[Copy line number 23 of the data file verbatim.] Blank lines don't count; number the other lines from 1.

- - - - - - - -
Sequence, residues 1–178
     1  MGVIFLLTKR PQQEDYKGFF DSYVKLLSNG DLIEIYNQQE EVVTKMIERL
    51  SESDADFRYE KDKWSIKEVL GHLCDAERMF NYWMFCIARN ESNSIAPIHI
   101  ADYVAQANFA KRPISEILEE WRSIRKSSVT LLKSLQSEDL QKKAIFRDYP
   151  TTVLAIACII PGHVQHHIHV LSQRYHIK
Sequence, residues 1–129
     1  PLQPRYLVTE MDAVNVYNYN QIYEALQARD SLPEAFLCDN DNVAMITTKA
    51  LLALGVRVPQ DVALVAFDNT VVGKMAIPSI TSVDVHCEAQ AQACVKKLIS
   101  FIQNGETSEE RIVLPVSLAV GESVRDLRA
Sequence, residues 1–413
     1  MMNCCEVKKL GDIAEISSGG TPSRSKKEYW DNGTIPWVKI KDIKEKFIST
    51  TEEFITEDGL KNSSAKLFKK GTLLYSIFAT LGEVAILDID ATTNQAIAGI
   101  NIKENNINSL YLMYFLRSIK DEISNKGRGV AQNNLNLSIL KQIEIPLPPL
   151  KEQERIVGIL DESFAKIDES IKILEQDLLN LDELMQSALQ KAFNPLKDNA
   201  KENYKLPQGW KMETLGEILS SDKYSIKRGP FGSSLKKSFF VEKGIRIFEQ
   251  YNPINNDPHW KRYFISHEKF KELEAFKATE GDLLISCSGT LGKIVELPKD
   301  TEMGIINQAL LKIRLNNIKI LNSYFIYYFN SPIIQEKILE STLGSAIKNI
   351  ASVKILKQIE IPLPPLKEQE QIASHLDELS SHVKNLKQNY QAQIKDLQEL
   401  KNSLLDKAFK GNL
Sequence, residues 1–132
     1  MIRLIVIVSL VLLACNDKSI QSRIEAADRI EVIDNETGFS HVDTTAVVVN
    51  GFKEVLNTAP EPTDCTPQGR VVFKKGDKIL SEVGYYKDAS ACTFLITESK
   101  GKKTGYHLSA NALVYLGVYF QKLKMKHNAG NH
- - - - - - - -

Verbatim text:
   101  GKKTGYHLSA NALVYLGVYF QKLKMKHNAG NH